THE WEEKEND: Seville is the ideal long weekend destination. The flight is less than three hours, it hardly ever rains, and the locals start reaching for their jumpers and moaning about the cold if the temperature drops below 25 degrees. We left grey London on Friday afternoon and spent most of the weekend sunbathing, looking over picture perfect blue and yellow tiled rooftops and the city’s many historic buildings from our hotel’s rooftop pool.
THE HOTEL: We stayed at the Gran Melia Colon – it’s bang in the centre of town and the epitome of 5-star perfection. Our room was spacious with crisp, modern design and idyllic city views. The marble bathroom was well-stocked with Clarins products – there is also a spa operated by Clarins in the hotel. It was all superb – the only hair-raising moment was minutes after we arrived when my four-year-old discovered the hotel tablet on top of the mini-bar. I was busy unpacking when the concierge rang to ask “had I really meant to order 16 items from the menu and a Peppa Pig movie fest?”
ASK ABOUT: Seville is a fantastic place for cycling. A lot of the city centre is pedestrianised, but bikes are allowed, so traffic isn’t a problem. It has about a gazillion historic buildings, churches, markets and monuments and travelling by bike means you get to see a lot more of them. We went on a bike tour with SeebyBike and had a lovely local guide who shared loads of great stories about life in the city; stories of Catholic processions, bull fights, and modern flamenco dancing. He had lots of great tourist tips, most importantly he told us where to get the best ice-cream: at Helados Raya on San Pablo. He also told us how to avoid standing in a three hour line in the baking hot sun to get into the cathedral. It’s easy when you know: buy a combination ticket from the church of San Salvador, around the corner, then walk straight in via the pre-purchased tickets line. Combination tickets to see both San Salvador and the Cathedral are the same price as a ticket to the Cathedral – and San Salvador is a lovely little church to see.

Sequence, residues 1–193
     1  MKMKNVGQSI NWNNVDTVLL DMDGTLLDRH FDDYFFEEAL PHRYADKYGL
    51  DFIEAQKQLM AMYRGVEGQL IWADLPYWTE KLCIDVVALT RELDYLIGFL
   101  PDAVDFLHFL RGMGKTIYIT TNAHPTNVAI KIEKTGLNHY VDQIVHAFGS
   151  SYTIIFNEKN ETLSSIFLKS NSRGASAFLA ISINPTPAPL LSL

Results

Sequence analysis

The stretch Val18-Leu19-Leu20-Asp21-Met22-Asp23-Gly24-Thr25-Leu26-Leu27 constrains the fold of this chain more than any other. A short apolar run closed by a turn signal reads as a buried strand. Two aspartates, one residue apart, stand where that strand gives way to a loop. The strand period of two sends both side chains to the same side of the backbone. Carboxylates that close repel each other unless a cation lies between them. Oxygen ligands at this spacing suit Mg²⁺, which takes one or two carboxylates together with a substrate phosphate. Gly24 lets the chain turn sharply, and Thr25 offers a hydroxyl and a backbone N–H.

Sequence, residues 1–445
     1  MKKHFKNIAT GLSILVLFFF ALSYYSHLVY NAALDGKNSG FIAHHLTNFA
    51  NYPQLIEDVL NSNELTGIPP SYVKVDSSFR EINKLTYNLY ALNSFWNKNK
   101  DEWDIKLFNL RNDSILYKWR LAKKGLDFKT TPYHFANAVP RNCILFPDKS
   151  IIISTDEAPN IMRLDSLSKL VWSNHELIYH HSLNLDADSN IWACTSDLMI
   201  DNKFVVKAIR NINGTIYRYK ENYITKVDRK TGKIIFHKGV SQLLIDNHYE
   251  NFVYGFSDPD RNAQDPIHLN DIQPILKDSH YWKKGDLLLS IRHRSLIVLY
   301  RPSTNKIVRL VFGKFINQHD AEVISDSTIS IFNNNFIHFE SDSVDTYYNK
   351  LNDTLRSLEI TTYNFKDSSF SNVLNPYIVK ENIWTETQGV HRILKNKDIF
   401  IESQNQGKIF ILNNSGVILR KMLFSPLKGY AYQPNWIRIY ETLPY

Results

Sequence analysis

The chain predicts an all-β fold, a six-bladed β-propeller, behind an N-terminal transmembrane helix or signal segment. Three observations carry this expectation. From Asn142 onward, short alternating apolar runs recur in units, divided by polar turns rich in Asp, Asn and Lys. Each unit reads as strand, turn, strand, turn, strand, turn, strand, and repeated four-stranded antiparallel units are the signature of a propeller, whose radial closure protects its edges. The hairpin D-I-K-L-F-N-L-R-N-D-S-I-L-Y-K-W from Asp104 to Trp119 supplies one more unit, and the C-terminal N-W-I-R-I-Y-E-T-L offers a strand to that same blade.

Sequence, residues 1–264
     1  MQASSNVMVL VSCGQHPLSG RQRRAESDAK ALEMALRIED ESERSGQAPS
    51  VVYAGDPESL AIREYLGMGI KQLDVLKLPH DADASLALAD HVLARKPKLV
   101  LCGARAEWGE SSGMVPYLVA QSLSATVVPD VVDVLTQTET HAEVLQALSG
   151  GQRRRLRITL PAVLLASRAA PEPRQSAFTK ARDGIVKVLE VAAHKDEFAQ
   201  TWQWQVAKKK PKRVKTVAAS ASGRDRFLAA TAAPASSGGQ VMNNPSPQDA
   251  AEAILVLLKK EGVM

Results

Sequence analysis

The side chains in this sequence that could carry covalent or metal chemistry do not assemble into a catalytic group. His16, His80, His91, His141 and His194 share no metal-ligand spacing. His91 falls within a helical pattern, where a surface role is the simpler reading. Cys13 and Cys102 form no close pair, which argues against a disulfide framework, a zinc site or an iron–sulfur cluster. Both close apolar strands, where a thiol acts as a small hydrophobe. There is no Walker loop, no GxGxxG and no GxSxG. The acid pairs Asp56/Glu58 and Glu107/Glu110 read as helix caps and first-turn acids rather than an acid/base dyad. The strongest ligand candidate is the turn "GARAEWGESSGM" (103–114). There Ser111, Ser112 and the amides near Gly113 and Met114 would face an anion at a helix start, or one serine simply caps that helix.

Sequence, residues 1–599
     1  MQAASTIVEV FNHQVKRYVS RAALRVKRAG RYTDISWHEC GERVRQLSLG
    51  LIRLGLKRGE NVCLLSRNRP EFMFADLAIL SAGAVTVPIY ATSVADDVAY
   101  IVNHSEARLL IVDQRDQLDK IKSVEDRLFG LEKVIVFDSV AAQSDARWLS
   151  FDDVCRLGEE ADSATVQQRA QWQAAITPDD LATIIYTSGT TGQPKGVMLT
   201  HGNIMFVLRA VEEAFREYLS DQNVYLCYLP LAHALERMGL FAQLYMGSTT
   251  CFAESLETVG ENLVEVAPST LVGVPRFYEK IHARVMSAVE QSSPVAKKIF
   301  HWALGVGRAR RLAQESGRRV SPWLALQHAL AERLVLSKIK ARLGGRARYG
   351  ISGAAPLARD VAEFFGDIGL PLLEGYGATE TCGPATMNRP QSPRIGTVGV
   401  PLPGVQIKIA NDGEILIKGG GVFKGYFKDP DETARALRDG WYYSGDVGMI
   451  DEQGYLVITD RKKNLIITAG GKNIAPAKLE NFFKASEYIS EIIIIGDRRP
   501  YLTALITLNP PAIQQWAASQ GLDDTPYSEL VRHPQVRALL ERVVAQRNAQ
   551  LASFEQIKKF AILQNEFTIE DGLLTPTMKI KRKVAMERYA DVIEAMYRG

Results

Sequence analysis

AFTER THAT: Not so much after as before and after: the thing to remember in Spain is the siesta. No Spanish person goes out for dinner before 10pm. Go out much earlier and you are likely to be sitting in a restaurant by yourself. And then, having eaten so late, no one seems to leave the house before 10am.
THE FOOD: The regional speciality is jamon – which locals love to boast about. Seafood is of course very popular, and you must try the Seville marmalade, which is available everywhere, served with goats cheese and wafers of toasted bread. The hotel restaurant Burladero has very good offerings of all three, along with lashings of very reasonably priced wine. Worried you’ll feel overwhelmed by choice? Our restaurant pick is Los Coloniales, on Plaza Buen Suceso, for amazing tapas, wine and sangria.